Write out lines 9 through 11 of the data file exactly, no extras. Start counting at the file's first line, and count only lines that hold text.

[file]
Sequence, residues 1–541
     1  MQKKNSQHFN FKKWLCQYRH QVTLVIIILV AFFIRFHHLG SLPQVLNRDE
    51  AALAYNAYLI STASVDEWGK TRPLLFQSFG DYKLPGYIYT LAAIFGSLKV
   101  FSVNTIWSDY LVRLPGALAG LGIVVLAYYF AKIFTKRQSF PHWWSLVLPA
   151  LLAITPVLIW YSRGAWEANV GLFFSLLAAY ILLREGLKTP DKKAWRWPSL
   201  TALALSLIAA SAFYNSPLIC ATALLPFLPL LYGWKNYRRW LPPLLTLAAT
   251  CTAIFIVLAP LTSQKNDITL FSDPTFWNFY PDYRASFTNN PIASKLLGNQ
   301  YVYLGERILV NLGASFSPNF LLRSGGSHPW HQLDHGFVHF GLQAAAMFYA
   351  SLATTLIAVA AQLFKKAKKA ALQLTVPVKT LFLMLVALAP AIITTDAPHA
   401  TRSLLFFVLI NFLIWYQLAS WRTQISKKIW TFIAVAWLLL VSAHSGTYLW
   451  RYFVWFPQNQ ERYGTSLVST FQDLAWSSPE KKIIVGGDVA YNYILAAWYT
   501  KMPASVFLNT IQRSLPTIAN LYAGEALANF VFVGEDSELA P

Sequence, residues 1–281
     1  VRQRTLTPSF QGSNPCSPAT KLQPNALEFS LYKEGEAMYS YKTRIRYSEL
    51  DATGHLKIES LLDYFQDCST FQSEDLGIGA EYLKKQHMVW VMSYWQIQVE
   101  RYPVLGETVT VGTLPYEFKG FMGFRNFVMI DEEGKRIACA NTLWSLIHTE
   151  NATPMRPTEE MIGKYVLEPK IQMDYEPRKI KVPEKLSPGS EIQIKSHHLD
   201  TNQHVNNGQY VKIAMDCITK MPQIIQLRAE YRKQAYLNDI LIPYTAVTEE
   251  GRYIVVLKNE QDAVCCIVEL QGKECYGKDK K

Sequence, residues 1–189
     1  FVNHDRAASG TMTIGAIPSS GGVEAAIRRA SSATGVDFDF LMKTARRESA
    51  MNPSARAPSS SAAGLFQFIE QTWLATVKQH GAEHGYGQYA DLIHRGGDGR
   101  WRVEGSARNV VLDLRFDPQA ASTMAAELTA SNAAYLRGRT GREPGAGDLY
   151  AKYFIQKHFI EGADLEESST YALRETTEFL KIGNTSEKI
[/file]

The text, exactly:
   351  SLATTLIAVA AQLFKKAKKA ALQLTVPVKT LFLMLVALAP AIITTDAPHA
   401  TRSLLFFVLI NFLIWYQLAS WRTQISKKIW TFIAVAWLLL VSAHSGTYLW
   451  RYFVWFPQNQ ERYGTSLVST FQDLAWSSPE KKIIVGGDVA YNYILAAWYT